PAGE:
Cultivating lawmaker friendships can lead to more compromise across the aisle

150 150 Bill Bagley

Former California Assemblyman Bill Bagley (R-AD07 Marin/Sonoma, 1960-1974) – known as a moderate – has watched with the rest of Californians as interactions between state lawmakers have become more hyper-partisan and gridlocked. The top-two primary and redistricting should help ease the gridlock and hyper-partisanship. But, Bagley also hopes to see a more congenial atmosphere developed through simple social interaction and remembers the days when lawmakers from all political stripes could call each other friend.

The Legislature has lost its ability to lead and thus work together and compromise. In fact, members of the Assembly have stated that they just don’t know each other. They gather only at partisan fundraisers and events.  Bi-partisan and bi-cameral lunches and dinners, open house lunches, and other events (put together by groups and lobbyists) were all eliminated when Prop 9 passed in 1974, limiting gifts to $10. Our colleague Jack Knox (D-Richmond 1960-1980) summarized:  “Within a few months of my arrival, I had shared a meal or a drink with everybody in both houses.”  We had no partisan seating – no “aisles” – until 1979.

Then in 1990 – the nail in the collegial coffin – term limits.  Now after four years, two-thirds the legislature is gone, but it takes about four years to understand the workings of the Capitol. Instead, freshman members are chosen as Assembly speakers, hardly knowing anyone in the Capitol except his or her major interest groups.

There are changes finally taking place:  less rigid reapportionment and less ideologue-driven primaries, now open to all voters.  After a few election cycles many republican and independent voters in heavily democratic districts (and vise versa) will vote for the more moderate democrat in the new top-two open primary.  Further, term limits may be extended but members still will not have established a needed working social culture of civility, trust and compromise.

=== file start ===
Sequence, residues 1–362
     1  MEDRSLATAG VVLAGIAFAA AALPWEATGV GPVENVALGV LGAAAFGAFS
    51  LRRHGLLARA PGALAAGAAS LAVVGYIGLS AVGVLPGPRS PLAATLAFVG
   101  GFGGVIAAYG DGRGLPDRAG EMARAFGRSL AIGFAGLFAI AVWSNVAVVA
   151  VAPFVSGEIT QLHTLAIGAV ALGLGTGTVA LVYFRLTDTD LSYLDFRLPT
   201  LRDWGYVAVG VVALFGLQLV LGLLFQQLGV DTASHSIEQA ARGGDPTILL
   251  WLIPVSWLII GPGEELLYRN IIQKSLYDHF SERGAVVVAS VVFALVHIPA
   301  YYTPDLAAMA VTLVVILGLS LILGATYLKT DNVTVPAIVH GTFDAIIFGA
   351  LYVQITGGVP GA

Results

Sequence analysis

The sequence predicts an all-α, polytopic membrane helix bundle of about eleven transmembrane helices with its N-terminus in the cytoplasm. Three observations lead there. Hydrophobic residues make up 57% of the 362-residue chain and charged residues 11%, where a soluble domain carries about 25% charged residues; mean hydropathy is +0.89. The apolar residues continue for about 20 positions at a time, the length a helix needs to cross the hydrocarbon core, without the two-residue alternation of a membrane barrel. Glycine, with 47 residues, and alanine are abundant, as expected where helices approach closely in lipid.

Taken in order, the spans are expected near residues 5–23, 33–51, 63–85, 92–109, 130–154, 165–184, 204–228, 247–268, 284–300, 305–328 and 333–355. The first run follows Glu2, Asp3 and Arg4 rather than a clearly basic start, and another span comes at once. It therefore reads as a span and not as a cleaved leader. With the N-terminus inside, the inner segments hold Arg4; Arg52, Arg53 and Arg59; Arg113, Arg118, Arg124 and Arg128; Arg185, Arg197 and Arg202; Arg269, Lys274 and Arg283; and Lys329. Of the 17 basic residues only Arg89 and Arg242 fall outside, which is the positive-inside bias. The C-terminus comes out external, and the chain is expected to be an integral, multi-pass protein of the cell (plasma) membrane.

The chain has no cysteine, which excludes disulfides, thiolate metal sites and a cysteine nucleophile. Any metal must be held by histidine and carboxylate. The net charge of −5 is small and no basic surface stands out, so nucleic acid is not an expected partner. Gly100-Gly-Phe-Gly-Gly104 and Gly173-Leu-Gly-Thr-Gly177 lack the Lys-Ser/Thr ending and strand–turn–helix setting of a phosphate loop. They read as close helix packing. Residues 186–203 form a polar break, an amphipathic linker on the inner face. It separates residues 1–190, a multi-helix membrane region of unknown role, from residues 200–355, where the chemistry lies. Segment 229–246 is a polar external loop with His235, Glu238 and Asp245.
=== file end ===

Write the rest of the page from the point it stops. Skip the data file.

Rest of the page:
No amount of superficial rule changes can alone inculcate a bi-partisan culture of trust.  Only close, knowing, respectful friendships can do this. As now Governor Jerry Brown said to me – “Bring back collegial events.”  That is a simple solution – here is how to do it.

Prop 9 requires a 2/3 vote to amend the gift limit, but it only takes a $2 million deductible non-partisan grant to produce $100,000 per year at a 5% return to sponsor ongoing social events.  The Legislative Auditor could be the monitor and a totally independent office could arrange small or sometimes larger bi-partisan lunches, dinners, other gatherings for members of both Houses, with constitutional officers, department heads, local and national government figures, and just with each other.

The secret to legislative accomplishment in earlier years was relationships developed by ongoing friendship and mutual trust.  We worked together because we played together.  Lobbyists arranged these events then, but the opportunities can be created now without lobbyist influence.  And, it pays off. In 1969, California’s was named the Number One Legislature in the nation by a Ford Foundation group.  Caucuses rarely met to take hardline positions, and there were no caucus sheets telling Members how to vote.  Partisan wrangling certainly took place, but trust trumped gridlock.

Bill Bagley is a former Republican California Assemblyman from the North Bay Area.


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